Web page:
Ryan Francesconi + Cian Nugent in Cork
You could have been in Eastern Europe at times. If you stared up at the
renovated church ceiling, you could have been back in time by a couple of hundred years, such was the antique quality of the music*. This was Ryan Francesconi playing at Triskel Christchurch in Cork last Friday, a sublime match-up of artist and venue, if ever there was one. Before saying any more about the gig, here's a few lines from a review of his current album that caught my eye.
"Skirting any obvious models, this is an attempt to establish his own
original voice on the instrument ... These are polished and meditative
pieces, given to frequent pauses and moody moments. On the title track
Francesconi can flight out sparkling ornaments that recall Toumani
Diabate's kora ... The music is sophisticated, but there's an escape
from the urban, a sort of West Coast Buddhist romanticism. That's not
meant as a snide comment - this is a beautiful album, carried off
with poetic aplomb." Clive Bell, The Wire
This is the tune mentioned there, which finished the Triskel gig, the title track of his current album Parables on Drag City.
Roughly half the gig was solo, for the other half Ryan was joined by a violin player. I didn't catch the name of Ryan's colleague at the time (the introduction was lost in the high Christchurch dome), but she played great, supple, agile melodies. You wouldn't call it accompaniment as such, it was as if they were duetting, giving and taking the lead role. But I spotted this web advert for an Australian gig of Ryan's a few months back.
"Ryan will play one set of solo guitar compositions. For a second set,
of pieces inspired by Balkan traditional music, he will be joined by
Mirabai Peart (also of Joanna Newsom's touring band) on violin."
This clip from the Joanna Newsom performance "under canvas" in Marlay Park in Dublin the other day confirms the presence onstage of Ryan and Mirabai.
Some thoughts about the gig. It was a wonderful experience, somewhere in the bounds of world music, with a distinct feeling of time travel to it. The tunes unfurled themselves like cats stretching out in the sun (thank you Stewart Lee), but were quite capable also of turning into frantic creatures (cats?) with bursts of notes skipping up and down Balkan scales. Ryan mentioned Balkan and Greek music himself in introducing a couple of numbers. He told one story about a trip he took with Mirabai last year to the island of Lesbos, which is Greek but faces very close to Turkey. He talked about arriving there on spec off the ferry, finding a place to stay, exploring the island, meeting local musicians on the street and playing along with them. It painted a picture of music as a means of communication, of travel and companionship, a way of transporting yourself and of connecting with other people. It also showed a deep understanding and appreciation of the source, origin of the music he plays, which added a lot to the overall performance.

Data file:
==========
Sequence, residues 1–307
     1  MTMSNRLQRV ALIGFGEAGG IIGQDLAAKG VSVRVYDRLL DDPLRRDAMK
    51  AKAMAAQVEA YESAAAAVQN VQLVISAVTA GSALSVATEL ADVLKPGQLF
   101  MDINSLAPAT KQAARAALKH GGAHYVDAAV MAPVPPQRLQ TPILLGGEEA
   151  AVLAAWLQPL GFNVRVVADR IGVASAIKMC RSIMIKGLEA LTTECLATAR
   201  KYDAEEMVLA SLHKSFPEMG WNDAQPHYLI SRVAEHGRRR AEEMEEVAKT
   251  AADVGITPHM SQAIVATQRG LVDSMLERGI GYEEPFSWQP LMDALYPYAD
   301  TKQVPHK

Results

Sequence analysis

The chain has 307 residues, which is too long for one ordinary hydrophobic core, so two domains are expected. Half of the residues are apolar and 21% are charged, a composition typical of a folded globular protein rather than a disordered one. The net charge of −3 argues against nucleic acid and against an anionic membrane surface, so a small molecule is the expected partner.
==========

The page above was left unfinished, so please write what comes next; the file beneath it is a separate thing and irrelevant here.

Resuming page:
Although an obviously outstanding musician, he wore the impressive technique very lightly, playing with what seemed like little effort. This wasn't in any way showy, it was more like a humility, as if he saw himself as a channel for the music. Something in that Wire quote rings true - "West Coast Buddhist romanticism". (Ryan was born in California, and lives in Seattle now.) There was something idealistic in his demeanour, almost hippy-ish you might say (that photo on top does feature Stonehenge, after all). At the risk of reaching a bit, it was as if he's a solid believer in the universal power of music to make bridges between people. You get this impression from Irish trad musicians (among others) in sessions sometimes, that absorption in the moment, and it struck me that Cork's sizeable trad music support base would have found plenty to like in this gig. There are some revealing comments by Ryan here, in an interview on the G-Man blog, on the subject of performing solo live and the difference between solo acoustic and solo with electronics.
It was not a night to concentrate on identifying tunes (Ryan himself didn't introduce any of the solo set by name, if memory serves) but I think he also played this beauty from the current album.
His artist biog on this site has a comprehensive summary of his many projects and releases, covering jazz, folk and ambient music, solo projects as well as collaborations. It also previews the Parables album with the phrase "as if the English Nick Drake was in fact Bulgarian". That might be a little bit easy, as comparisons go, but it's not a million miles away. A great performer.
A word about Cian Nugent, who played before Ryan. His was a more studied performance, you might even say intense, with impressive technique also on show. I thought some more background information on the tunes would have helped engage the audience a bit more, although hearing the stirring Sixes & sevens from his current two-track album Doubles on VHF Records made it worth arriving early alone (albeit without the lovely flurries of trumpet and clarinet on the studio recording). The album is UOH-recommended and you can hear that tune below.
Sixes & Sevens by Cian Nugent
All in all, a decent and appreciative crowd (good business was underway at the merchandise stand) and a standout gig in a distractingly beautiful venue. And to Plugd, for putting the gig on, chapeau, as they say on the Tour de France.
*In the Gulpd café/bar afterwards, you could also have been in Barcelona (and unlike Catalunya, there's Murphy's on draught) - full-length glass doors leading on to a medieval laneway, walls adorned with underground performance art memorabilia (a Black Sun retrospective), food as well as drink available...are you with me? I know the illusion would have been shattered as soon as you turned the corner to Rearden's/Havana's but at least we can dream.